Nicknamed “Eyeballs Eat,” this work in oil stick and acrylic paint on cardboard was attributed to Jean-Michel Basquiat as part of Orlando Museum of Art’s “Heroes & Monsters” exhibition. (MJL Family Trust, LLC / Courtesy photo)
The Orlando Museum of Art board of trustees has begun hearing the results of an independent investigation into the circumstances that culminated in an FBI raid on the institution in June, when agents seized art purportedly created by Jean-Michel Basquiat.
Although the FBI had served the museum with a subpoena about the art months before the opening of the “Heroes and Monsters” exhibit, board members said they were not informed the artwork was under investigation. Staff members have said they were pressured by then-museum director Aaron de Groft not to question the exhibition. He was later fired.
The board had commissioned Akerman law firm to investigate what happened behind the scenes of the public debacle, and the firm’s findings were to be presented to trustees by the end of September.
That presentation was delayed, in part by Hurricane Ian, until this week.
Mark Elliott, chairman of the Orlando Museum of Art board of trustees. (Ricardo Ramirez Buxeda/Orlando Sentinel)
Mark Elliott, elected chairman of the museum board after the scandal rocked Central Florida, had pledged to share results of the Akerman investigation publicly once the law firm’s work was done.
“We want to make sure we have a thorough, substantive document,” he said. “We know there’s so much public interest.”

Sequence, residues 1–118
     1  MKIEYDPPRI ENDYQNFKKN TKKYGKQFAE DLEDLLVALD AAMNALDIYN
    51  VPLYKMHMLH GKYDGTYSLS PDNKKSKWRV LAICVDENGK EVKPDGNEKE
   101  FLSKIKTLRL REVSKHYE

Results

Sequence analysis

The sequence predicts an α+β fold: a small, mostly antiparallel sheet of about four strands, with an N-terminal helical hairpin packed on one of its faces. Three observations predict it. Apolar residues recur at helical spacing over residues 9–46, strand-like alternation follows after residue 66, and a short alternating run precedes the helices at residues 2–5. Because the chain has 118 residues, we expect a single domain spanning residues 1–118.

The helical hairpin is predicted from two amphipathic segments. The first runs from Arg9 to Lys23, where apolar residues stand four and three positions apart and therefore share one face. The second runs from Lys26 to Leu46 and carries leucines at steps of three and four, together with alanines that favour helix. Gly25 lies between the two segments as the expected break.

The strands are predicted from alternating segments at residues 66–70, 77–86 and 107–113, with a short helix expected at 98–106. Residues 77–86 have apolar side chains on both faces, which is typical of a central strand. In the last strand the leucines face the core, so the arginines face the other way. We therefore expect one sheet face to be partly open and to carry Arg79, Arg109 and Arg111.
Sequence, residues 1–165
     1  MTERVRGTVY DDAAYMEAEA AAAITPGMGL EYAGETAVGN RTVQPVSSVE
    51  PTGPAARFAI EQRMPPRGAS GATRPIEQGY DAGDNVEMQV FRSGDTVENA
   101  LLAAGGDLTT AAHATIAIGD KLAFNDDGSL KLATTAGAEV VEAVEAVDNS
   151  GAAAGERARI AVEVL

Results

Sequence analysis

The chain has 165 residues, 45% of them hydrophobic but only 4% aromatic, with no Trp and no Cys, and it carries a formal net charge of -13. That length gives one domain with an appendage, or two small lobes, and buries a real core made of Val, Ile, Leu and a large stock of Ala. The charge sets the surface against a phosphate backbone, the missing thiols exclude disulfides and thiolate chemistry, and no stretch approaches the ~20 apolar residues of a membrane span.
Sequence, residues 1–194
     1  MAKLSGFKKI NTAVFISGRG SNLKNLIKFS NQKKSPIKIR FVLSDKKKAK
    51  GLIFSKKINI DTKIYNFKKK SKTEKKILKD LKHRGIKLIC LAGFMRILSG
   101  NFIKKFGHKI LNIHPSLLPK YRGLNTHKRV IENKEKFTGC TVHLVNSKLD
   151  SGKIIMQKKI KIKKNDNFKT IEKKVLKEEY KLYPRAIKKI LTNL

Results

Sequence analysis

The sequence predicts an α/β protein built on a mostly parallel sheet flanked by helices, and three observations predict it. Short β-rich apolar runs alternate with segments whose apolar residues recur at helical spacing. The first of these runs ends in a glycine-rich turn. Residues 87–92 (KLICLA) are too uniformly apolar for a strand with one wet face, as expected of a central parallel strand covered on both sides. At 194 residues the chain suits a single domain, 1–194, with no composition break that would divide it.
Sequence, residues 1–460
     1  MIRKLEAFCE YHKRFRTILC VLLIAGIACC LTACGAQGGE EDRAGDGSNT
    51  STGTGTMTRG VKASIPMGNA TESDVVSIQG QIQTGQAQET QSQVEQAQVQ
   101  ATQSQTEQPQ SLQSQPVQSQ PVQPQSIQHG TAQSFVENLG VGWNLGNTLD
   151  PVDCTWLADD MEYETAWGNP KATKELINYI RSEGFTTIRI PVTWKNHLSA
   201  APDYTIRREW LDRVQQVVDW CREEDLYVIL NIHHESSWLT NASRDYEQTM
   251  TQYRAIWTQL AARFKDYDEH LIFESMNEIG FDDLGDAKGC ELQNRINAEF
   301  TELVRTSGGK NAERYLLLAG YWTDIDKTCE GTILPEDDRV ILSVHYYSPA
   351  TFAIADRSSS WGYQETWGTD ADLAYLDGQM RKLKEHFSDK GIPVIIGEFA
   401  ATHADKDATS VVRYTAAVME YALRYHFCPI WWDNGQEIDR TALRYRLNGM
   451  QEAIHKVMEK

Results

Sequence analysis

On Wednesday, he indicated it would take time to make information available, saying the public may not hear about the findings until the trustees take further action based on what they learn.
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“The OMA board is conducting a series of meetings and receiving findings under the guidance of legal counsel,” Elliott wrote in a short statement. “This is a multistep process. When the board acts in response to the information and recommendations received, it will share those actions accordingly.”
Meanwhile, the museum has been moving ahead with its post-De Groft exhibitions.
New Orlando Museum of Art board chair: ‘I’m sorry’ about Basquiat scandal ]
“He had initiated a number of exhibitions that were upcoming … and we’ve decided to not go forward with those in part because of his involvement,” said chief curator Hansen Mulford during a state-grant panel meeting.
Instead, Mulford said, he was working on exhibitions “that we sort of put on the back shelf due to Aaron’s interest in other things.”
Artist Bill Viola is pictured at Segerstrom Center for the Arts in Costa Mesa, California, on Monday, October 30, 2017. (Peter Wintersteller)
Currently, the museum has on view its annual picture-book illustrator exhibit, featuring Mexican artist Yuyi Morales; a look at Spanish Colonial-era paintings from South America and the Caribbean; and American art from its permanent collection.
Next month, a traveling exhibition titled “Don’t Ask Me Where I’m From” will present works by second-generation immigrants who explore their hybrid cultural identities.
And during the state-grant meeting, Mulford indicated even more future exhibits were in the planning stage, including one by acclaimed contemporary artist Bill Viola, who specializes in video work, and “an exhibition we’ve organized in house called ‘Cloth and Culture,’ about contemporary artists who use fabrics in ways that reference their cultural heritage.”
Find me on Twitter @matt_on_arts, or email me at Want more theater and arts news and reviews? Go to
Copyright © 2022, Orlando Sentinel
Copyright © 2022, Orlando Sentinel


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